Annuities: Time for action

Take the following paragraph: “Buying an annuity is usually the culmination of a lengthy savings process. Given its importance it would be helpful to encourage people saving for pensions to think in advance about the choice they will have to make when they convert their saved pension fund into retirement income.”

It could well be from the recent FCA Thematic Review of Annuities (TR14/2) but is, in fact, from Modernising Annuities– a DWP and Inland Revenue Consultative Document from 2002.

What about the following: “Given the projected increase in demand for annuities, it is all the more important that the annuities market is working efficiently, and that consumers understand the choices open to them. Only around half of people take up the so-called ‘open market option’ (OMO) of shopping around for their annuity to get the best deal.

Article continues after advert

“The government intends to work with stakeholders to review the working of the OMO. It will also publish a long-term strategy for increasing financial capability in the UK which, among other things, is intended to boost consumers’ understanding of the financial issues arising from pension saving and decumulation.”

This must be from the recent thematic review? Again, you would be wrong – this is a paragraph from a Treasury Paper published in 2006 entitled The Annuity Market.

Look at these two papers from 12 and eight years ago and you will see that many of the issues raised today have been around for a long time, with solutions sought but perhaps not realised.

Aside from these papers we have had a report from the NAPF in 2012, and research carried out by the Financial Services Consumer Panel as recently as late 2013 (although they had perhaps pre-empted themselves with their presentation in 2010 entitled Annuitisation Process and Consumer Detriment – An Initial Investigation of Issues).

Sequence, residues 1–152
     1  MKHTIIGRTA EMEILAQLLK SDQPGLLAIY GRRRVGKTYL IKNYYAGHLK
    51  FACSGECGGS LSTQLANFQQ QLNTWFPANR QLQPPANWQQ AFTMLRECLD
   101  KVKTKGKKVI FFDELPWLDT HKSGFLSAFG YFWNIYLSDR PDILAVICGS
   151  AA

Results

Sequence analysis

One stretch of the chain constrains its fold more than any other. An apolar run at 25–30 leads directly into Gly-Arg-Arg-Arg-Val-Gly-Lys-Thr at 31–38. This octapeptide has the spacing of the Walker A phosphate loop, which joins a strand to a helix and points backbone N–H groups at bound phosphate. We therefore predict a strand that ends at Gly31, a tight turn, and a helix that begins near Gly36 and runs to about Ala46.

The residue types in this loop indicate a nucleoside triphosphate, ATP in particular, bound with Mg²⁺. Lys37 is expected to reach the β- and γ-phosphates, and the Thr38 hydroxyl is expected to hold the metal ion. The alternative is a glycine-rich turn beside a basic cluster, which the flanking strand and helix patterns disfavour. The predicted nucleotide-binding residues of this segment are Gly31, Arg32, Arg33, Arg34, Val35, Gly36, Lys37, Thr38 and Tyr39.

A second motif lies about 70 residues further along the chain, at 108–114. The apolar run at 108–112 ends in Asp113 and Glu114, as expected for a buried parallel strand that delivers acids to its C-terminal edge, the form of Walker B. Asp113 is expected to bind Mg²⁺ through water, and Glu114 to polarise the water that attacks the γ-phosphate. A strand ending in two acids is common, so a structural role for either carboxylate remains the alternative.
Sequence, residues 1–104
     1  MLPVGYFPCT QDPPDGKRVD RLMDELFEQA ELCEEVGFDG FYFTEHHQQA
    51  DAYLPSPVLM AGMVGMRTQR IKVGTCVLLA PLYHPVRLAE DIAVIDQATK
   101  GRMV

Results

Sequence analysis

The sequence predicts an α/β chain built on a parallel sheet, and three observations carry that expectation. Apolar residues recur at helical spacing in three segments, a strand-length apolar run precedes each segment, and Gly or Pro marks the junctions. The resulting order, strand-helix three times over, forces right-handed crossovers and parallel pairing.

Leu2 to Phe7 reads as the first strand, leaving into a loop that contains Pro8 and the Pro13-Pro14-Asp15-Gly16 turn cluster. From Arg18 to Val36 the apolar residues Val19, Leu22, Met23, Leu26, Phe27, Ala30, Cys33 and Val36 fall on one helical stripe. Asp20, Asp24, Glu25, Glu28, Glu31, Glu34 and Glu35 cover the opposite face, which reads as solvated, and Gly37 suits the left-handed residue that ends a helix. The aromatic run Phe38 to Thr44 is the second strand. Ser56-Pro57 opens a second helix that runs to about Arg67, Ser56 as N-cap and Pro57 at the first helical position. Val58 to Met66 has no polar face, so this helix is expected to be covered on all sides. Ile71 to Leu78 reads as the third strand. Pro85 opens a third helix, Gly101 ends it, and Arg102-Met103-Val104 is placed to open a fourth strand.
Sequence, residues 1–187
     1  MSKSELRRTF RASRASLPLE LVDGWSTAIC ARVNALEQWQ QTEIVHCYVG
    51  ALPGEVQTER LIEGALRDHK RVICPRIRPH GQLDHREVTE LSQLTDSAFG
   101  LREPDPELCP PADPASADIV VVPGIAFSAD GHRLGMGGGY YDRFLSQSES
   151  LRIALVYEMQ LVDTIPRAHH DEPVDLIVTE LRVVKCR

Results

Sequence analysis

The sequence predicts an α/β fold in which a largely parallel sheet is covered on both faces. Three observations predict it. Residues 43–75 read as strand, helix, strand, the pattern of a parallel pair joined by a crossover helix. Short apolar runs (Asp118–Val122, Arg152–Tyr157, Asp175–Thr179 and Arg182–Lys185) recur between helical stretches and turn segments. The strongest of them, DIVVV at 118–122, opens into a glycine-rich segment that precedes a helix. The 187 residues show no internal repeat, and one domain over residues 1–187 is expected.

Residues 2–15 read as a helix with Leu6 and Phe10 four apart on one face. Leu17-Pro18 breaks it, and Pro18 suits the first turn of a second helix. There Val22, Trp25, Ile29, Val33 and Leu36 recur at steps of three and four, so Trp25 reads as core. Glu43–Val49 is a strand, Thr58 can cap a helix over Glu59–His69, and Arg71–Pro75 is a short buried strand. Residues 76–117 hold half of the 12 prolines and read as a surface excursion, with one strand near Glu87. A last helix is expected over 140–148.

A quote from this work – be warned, it is not pretty: “The presentation highlights some key conclusions about the nature and scale of consumer detriment relating to annuities. Of particular interest to the panel are what the presentation says about the Open Market Option and the value for money associated with annuities.

“The estimates indicate that there is significant detriment associated with the lack of shopping around, which is seen as too complex by many (30 per cent of annuitants do not use the OMO or shop around at all), particularly those with smaller funds.

“Research suggests that one in five may not get the best annuity rate, with an average detriment of £200 a year in reduced income.

“Perhaps of greater significance is the failure to get what might be the most appropriate type of annuity. The point is made in the presentation that the perceived poor value of annuities may lead to poor choices. Failure to get the right product for the individual consumer’s circumstances would seem to be a difficult barrier to overcome.

“While advice services such as CFEB and TPAS work hard to educate, the innate complexity of annuities – issues such as longevity and inflation can be difficult for consumers to comprehend – means that finding ways of better informing consumers needs to be a priority for government and regulators alike.”